The Rare Disease Diversity Coalition and Global Genes have recently established a new partnership. This partnership aims to help find solutions to help address outcome disparities faced by people of color that live with a rare disease. In order to learn more about this partnership, Patient Worthy spoke with Linda Goler Blount, president of the Black Women’s Health Imperative.
The Black Women’s Health Imperative is responsible for the establishment of the Rare Disease Diversity Coalition. The Imperative was first established 38 years ago as a network of Black women that were committed to self-care, as well as improving treatment and outcomes for Black women in healthcare.
“I’ve tried to bring an emphasis on research. While we’re doing what we need to be doing and seeing our healthcare providers, what actually happens in the exam room, the hospital, the operating theater…while called evidence-based, it doesn’t necessarily have much to do with us because we weren’t a part of creating that evidence in the first place.” – Linda
This approach means looking at how research is conducted and the resulting data in order to determine what is applicable to Black women. Linda has been engaging with drug companies about how underrepresented people of color are as both researchers and as participants in said research. The Rare Disease Diversity Coalition (RDDC) has shifted the focus more specifically to people of color with rare diseases. Rare patients of color face even worse outcomes and diagnostic delays than white rare disease patients. Five different working groups have been established in order to take action on different aspects of the issue.
“One of our major speakers was a Black man who was diagnosed with cystic fibrosis in his fifties.”
This example above is a clear demonstration of the disparities faced by people of color, as cystic fibrosis is typically diagnosed very early in life.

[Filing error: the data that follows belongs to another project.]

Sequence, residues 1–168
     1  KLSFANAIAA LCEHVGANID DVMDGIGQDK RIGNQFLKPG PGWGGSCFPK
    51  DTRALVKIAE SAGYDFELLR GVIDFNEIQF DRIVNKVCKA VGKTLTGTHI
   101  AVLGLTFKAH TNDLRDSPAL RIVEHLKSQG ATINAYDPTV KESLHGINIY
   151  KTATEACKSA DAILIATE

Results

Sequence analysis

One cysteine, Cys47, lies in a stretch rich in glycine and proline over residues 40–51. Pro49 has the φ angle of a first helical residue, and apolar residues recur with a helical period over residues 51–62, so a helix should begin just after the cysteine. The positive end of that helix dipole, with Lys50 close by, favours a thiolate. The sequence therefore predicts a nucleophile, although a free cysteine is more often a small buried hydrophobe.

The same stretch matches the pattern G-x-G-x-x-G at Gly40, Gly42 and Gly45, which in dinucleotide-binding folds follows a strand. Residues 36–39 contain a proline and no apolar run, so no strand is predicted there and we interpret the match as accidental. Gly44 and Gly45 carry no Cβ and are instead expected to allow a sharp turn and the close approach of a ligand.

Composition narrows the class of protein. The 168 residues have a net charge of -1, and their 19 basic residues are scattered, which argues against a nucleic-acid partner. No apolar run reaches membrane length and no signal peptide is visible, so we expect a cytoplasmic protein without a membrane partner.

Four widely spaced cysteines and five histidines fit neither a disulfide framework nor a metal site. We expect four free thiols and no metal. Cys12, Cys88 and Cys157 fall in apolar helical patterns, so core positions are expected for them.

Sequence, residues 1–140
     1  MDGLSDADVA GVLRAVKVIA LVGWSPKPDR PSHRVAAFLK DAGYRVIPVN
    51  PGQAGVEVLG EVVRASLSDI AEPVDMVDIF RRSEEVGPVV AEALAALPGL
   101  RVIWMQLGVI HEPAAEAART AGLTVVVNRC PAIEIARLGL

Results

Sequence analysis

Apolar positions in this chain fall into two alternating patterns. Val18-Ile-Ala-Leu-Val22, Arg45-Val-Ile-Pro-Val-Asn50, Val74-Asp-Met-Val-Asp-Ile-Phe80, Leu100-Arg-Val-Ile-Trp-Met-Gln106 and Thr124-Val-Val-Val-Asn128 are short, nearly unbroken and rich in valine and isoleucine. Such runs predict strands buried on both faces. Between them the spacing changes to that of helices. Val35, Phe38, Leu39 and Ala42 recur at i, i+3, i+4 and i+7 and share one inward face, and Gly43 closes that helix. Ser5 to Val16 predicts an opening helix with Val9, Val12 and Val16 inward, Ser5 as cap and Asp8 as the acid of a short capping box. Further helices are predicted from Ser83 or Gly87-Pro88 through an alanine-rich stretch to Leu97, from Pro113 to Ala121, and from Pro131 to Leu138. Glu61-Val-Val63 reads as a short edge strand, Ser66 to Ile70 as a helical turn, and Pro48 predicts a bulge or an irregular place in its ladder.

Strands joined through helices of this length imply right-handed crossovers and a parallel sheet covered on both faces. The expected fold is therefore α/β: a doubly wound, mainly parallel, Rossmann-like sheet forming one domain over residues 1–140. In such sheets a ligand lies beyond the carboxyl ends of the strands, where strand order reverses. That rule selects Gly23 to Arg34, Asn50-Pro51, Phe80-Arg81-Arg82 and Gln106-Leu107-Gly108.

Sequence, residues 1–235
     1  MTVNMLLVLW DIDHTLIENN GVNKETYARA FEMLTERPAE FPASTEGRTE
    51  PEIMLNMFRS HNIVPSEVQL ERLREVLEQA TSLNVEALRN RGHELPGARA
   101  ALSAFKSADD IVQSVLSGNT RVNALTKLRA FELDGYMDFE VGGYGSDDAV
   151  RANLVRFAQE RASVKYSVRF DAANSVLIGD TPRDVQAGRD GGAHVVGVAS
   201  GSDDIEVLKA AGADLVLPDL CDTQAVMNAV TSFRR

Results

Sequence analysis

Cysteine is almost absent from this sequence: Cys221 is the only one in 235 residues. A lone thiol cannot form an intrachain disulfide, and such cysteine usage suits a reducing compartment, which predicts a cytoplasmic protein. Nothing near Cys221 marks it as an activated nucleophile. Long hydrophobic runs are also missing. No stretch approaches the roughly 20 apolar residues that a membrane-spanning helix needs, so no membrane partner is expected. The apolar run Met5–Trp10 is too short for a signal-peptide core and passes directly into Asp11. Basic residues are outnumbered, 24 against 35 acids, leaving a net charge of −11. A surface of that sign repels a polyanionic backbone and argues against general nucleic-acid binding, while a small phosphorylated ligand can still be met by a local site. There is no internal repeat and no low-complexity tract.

RDDC and Global Genes converged on the need to help combat issues of equity that these patients are facing on a regular basis. Global Genes will contribute critical resources that can help make a difference, such as a technology platform that can help parents and families understand their options.
“A lot of folks just don’t know where to begin, even when you can get to a diagnosis. Global Genes can help people answer the question, “Now what?” or “What do I do next?”
Since patients of color are less able to rely on providers to help them access these resources, the hope is that this partnership can help fill the gap and help patients get the diagnosis and treatment they need more quickly.
“The main goals are to really understand what’s going on by acknowledging that these inequities exist and what’s behind the inequities. We’ve talked about historical racism, and the folks at Global Genes aren’t afraid to have the conversations that can help people understand that these problems aren’t the result of patients not caring.”
The partners also seek to identify and implement concrete solutions that can help fill the gap. This can mean resolving issues related to drug development, research, and awareness. Linda says that the key is being willing to make the needed changes, not just being aware of the problems at hand.
“Progress looks like more funding for researchers of color, more funding to research rare diseases that disproportionately impact people of color, and more funding for research into understanding why rare disease outcomes are worse for certain populations.”
This means shortening the time it takes for diagnosis, which can’t take decades if patients are going to get treated effectively. Physicians also need to grasp the lived experience of patients of color instead of placing blame on patients themselves.
“I think it’s really important to understand that advocacy is a luxury. The fact that there aren’t a lot of people of color in advocacy isn’t because of lack of interest. It’s because it takes time and resources. The disproportionate impacts that these communities face are not the result of genetics or biology.”